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(Reuters) — Walgreen Co. has reached a $22.4 million settlement with the New York attorney general resolving claims that a unit improperly billed the government for reimbursement for a pediatric drug.
The settlement, disclosed in court papers filed in Manhattan federal court on Thursday, resolves claims first asserted in 2009 by a whistleblower in a lawsuit against Trinity Homecare L.L.C., a pharmacy primarily owned by Walgreen.
The settlement marked the second in less than two weeks by the New York attorney general and Walgreen over improper conduct and billings by Trinity, after an earlier $2.55 million accord on June 29.
Walgreen agreed to the settlement to avoid delay and expense and did so without any admission of liability, said spokesman James Cohn.
The latest settlement concerned an injectable respiratory drug called Synagis, a brand name drug sold by AstraZeneca P.L.C. that is intended for at-risk premature infants.
According to the whistleblower lawsuit filed by a hospital physician, Susan Vierczhalek, Trinity promoted the off-label use of the drug and caused false claims to be submitted to the government.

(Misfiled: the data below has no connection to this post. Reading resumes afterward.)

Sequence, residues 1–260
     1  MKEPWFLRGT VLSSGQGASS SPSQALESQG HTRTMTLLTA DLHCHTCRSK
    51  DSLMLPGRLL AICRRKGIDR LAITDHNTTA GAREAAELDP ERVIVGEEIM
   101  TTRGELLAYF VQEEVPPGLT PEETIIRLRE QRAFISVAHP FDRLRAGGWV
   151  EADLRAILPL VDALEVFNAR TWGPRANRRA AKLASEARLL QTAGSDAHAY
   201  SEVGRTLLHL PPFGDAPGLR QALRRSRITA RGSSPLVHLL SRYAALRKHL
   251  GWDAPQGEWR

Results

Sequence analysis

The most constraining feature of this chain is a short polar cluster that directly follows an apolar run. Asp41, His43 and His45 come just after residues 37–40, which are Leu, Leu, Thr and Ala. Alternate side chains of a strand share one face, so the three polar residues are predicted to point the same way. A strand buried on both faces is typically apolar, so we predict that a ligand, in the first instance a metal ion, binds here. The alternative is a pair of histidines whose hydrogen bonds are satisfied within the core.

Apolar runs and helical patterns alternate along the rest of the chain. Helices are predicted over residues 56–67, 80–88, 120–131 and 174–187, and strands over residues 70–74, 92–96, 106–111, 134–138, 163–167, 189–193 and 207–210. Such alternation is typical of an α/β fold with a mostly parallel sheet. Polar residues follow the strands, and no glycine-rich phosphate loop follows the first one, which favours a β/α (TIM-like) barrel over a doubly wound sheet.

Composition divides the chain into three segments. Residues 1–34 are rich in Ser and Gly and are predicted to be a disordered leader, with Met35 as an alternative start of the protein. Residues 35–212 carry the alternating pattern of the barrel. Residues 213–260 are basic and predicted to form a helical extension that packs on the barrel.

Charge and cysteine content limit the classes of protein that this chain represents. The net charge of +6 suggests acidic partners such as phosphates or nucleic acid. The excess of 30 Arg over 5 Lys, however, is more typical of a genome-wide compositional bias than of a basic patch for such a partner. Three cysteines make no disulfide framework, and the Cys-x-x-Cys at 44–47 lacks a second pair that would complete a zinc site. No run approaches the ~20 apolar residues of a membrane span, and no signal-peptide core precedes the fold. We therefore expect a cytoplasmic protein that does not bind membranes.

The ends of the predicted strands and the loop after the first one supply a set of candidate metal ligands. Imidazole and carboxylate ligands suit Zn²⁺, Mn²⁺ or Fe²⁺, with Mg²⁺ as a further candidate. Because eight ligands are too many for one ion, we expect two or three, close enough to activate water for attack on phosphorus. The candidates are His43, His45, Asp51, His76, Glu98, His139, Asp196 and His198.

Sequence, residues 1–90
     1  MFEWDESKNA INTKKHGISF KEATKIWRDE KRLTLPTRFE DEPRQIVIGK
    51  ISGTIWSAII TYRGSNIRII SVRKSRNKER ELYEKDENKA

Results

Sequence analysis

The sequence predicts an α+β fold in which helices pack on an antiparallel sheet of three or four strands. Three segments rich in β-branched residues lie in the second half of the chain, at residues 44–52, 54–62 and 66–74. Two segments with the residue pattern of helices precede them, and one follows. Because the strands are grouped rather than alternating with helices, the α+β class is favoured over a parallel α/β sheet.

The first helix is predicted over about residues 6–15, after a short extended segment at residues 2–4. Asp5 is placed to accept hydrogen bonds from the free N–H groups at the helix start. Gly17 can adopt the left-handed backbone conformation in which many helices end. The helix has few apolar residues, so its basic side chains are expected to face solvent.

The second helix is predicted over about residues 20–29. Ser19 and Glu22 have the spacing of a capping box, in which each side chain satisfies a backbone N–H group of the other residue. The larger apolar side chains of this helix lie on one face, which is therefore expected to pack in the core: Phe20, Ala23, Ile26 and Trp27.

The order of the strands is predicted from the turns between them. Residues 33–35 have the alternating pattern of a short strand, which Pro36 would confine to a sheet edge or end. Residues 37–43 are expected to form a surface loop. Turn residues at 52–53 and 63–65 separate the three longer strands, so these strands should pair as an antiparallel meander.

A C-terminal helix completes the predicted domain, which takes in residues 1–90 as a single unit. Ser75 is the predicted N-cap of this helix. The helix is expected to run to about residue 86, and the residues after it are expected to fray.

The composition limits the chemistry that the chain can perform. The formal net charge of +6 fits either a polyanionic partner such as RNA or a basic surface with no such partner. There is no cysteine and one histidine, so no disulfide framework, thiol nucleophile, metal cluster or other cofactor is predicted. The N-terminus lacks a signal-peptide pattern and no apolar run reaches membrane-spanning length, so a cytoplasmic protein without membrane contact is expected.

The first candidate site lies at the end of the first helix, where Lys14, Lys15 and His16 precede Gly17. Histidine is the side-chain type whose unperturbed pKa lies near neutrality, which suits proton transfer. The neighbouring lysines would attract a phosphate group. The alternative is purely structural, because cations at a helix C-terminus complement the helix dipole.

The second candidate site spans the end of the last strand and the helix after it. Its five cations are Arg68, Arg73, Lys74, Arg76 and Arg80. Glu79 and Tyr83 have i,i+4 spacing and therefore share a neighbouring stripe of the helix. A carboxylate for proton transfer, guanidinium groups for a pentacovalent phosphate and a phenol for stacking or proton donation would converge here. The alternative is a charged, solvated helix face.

In a statement, New York Attorney General Eric Schneiderman said the pharmacy “did not always have a prescription for that drug, but billed Medicaid for it anyway.”
“Of greater concern than the improper billing, is the possibility that infants could have received injections which were not properly prescribed to them,” he said.
The federal government will receive some of the settlement, while New York will receive $12.23 million, Mr. Schneiderman's office said. New York in turn will pay Dr. Vierczhalek $4 million as her share of the settlement, according to court papers.
Barbara Hart, Dr. Vierczhalek's lawyer, called the settlement “a great fraud recovery for Medicaid and gratifying in all respects.”
Representatives for Walgreen did not respond to requests for comment.
Walgreen is part of Walgreens Boots Alliance Inc., and this year sold a majority stake in Trinity's parent Walgreens Infusion Services to private equity firm Madison Dearborn Partners. That business is now known as Option Care.
(Reuters) - The U.S. Securities and Exchange Commission has sent letters to several companies asking for years of nondisclosure agreements, employment contracts and other documents to investigate whether companies are muzzling corporate whistleblowers, the Wall Street Journal reported.